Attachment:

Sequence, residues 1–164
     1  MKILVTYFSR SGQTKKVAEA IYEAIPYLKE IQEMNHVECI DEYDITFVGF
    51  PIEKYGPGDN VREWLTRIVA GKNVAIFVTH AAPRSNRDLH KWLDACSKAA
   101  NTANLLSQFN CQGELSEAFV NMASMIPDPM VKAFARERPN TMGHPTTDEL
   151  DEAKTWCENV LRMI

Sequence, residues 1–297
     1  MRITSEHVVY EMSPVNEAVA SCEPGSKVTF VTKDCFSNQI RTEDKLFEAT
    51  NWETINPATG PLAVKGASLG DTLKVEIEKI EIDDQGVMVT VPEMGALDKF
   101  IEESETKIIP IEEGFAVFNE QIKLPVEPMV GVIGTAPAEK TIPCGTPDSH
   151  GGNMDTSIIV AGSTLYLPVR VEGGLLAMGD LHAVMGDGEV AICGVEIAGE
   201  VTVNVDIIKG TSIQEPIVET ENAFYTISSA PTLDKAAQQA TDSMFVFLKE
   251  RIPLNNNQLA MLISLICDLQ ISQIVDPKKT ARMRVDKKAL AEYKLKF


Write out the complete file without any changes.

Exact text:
Sequence, residues 1–164
     1  MKILVTYFSR SGQTKKVAEA IYEAIPYLKE IQEMNHVECI DEYDITFVGF
    51  PIEKYGPGDN VREWLTRIVA GKNVAIFVTH AAPRSNRDLH KWLDACSKAA
   101  NTANLLSQFN CQGELSEAFV NMASMIPDPM VKAFARERPN TMGHPTTDEL
   151  DEAKTWCENV LRMI

Sequence, residues 1–297
     1  MRITSEHVVY EMSPVNEAVA SCEPGSKVTF VTKDCFSNQI RTEDKLFEAT
    51  NWETINPATG PLAVKGASLG DTLKVEIEKI EIDDQGVMVT VPEMGALDKF
   101  IEESETKIIP IEEGFAVFNE QIKLPVEPMV GVIGTAPAEK TIPCGTPDSH
   151  GGNMDTSIIV AGSTLYLPVR VEGGLLAMGD LHAVMGDGEV AICGVEIAGE
   201  VTVNVDIIKG TSIQEPIVET ENAFYTISSA PTLDKAAQQA TDSMFVFLKE
   251  RIPLNNNQLA MLISLICDLQ ISQIVDPKKT ARMRVDKKAL AEYKLKF